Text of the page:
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Pakistan Travel Warning

Issued by US Department of State

May 22, 2017

The Department of State warns U.S. citizens against all non-essential travel to Pakistan. This Travel Warning replaces the Travel Warning dated April 12, 2017.

Consular services provided by the American Embassy in Islamabad, the Consulate General in Karachi, and the Consulate General in Lahore are often limited due to the security environment. At this time, the Consulate General in Peshawar is not providing consular services.

Pakistan continues to experience significant terrorist violence, including sectarian attacks. Targeted attacks against government officials, humanitarian and non-governmental organization (NGO) employees, tribal elders, and law enforcement personnel are common. Throughout Pakistan, foreign and indigenous terrorist groups continue to pose a danger to U.S. citizens. Evidence suggests that some victims of terrorist activity have been targeted because they are U.S. citizens. Terrorists and criminal groups have resorted to kidnapping for ransom.

The Government of Pakistan maintains heightened security measures, particularly in major cities, following attacks or in response to threats.

Terrorists continue to target:

- Heavily guarded facilities, such as military and government installations and airports

- Universities, schools, and hospitals

- Places of worship of various faiths

- Rallies, public parks, and sports venues

- Hotels, markets, shopping malls, and restaurants

In 2017, an improvised explosive device placed in a marketplace in Kurram Valley in the Federally Administered Tribal Areas (FATA) killed at least 25 people and injured at least 87 others; in Lahore, in an attack that militants said was directed at senior police officials, a suicide bomber detonated himself outside the Punjab Assembly killing at least 14 people and injuring at least 87; in Sindh province, a suicide bomber detonated himself in the Sufi Shrine of Lal Shahbaz Qalandar, killing at least 88 people and injuring over 350; in Parachinar in the FATA, a vehicle-borne improvised explosive device detonated outside a Shia congregation, killing at least 25 people and injuring at least 90; and in Balochistan, a suicide bomber detonated himself on the N-25 National Highway, reportedly targeting a senior politician’s convoy, killing at least 28 people and injuring at least 40 others.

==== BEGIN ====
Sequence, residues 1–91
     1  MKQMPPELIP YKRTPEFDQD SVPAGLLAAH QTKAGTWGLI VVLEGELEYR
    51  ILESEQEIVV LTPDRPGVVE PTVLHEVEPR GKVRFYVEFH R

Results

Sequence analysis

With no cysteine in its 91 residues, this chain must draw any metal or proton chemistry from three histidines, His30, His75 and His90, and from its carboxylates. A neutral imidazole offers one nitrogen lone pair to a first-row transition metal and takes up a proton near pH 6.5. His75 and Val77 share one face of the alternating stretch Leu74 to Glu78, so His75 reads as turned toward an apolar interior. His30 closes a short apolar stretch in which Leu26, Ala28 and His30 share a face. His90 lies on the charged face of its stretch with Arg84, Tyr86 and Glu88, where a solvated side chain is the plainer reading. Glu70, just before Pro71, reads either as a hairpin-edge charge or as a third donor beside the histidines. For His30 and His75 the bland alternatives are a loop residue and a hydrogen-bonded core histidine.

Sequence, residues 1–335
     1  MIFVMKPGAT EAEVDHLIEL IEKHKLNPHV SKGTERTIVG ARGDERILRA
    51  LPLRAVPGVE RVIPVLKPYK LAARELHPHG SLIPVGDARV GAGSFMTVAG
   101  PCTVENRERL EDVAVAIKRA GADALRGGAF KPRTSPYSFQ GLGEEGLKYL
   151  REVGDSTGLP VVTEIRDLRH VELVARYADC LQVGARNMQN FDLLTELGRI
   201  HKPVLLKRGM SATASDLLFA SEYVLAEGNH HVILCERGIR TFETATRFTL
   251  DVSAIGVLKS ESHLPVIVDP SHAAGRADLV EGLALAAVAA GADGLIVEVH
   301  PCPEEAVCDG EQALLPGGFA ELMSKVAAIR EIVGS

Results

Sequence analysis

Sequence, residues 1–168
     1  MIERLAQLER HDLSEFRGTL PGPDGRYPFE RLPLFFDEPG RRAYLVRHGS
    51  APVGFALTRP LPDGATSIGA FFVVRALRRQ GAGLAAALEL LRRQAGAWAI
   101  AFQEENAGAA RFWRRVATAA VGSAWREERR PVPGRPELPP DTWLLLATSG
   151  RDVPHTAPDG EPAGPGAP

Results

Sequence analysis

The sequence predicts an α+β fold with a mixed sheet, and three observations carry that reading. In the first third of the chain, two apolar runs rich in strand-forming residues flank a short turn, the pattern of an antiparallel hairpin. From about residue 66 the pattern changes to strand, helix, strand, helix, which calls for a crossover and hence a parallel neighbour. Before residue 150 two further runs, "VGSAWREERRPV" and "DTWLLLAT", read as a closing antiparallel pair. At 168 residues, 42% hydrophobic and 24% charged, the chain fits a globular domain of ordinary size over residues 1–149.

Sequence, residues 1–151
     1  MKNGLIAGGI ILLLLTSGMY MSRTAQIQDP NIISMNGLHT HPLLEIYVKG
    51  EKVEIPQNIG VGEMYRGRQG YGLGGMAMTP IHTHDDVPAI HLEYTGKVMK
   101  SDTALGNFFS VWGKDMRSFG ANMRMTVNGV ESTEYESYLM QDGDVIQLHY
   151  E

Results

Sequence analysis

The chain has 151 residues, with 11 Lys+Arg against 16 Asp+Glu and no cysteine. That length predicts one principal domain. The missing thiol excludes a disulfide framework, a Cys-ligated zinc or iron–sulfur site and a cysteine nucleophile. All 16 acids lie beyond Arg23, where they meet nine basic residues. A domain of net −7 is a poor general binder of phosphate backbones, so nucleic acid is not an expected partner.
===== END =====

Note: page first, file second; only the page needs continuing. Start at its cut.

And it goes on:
Sectarian violence remains a serious threat throughout Pakistan, and the Government of Pakistan continues to enforce blasphemy laws. Religious minority communities have been victims of targeted killings and accusations of blasphemy.

The local government restricts access for foreigners to many areas, including:

- the FATA along the Pakistan-Afghanistan border,

- Swat Valley in Khyber Pakhtunkhwa Province,

- the area adjacent to the Line of Control in the disputed territory of Kashmir,

- much of Khyber Pakhtunkhwa Province and Balochistan.

Travel by U.S. government personnel within Pakistan is restricted and movements by U.S. government personnel outside of Islamabad are severely restricted. U.S. government personnel may not:

Attend services at places of worship without prior approval. Use public transportation or stay overnight at hotels in Pakistan.

If you choose to live or travel in Pakistan despite this warning, you should:

- Vary travel routes and timing, especially for routine trips.

- Minimize the duration of trips to public markets, restaurants, government and military institutions, and other locations.

- Minimize the number of U.S./western nationals congregating in any one location at any time.

- Avoid hotels that do not apply stringent security measures.

- Take a photo of your passport, entry stamp and Pakistani visa, and keep it with you at all times. Keep digital copies of these documents in a secure, electronically accessible place.

Advisory Notice to Airmen (NOTAM): The Federal Aviation Administration (FAA) has issued a NOTAM concerning the risks to civil aviation operating in Pakistan, particularly at low altitude, during the arrival and departure phases of flight, and when on the ground, due to extremist/militant activity. The Advisory NOTAM does not prohibit U.S. operators or airmen from operating in the specified area, as it is strictly an advisory notice.

For background information on FAA flight prohibitions and advisories for U.S. civil aviation, see the Federal Aviation Administration’s Prohibitions, Restrictions and Notices.

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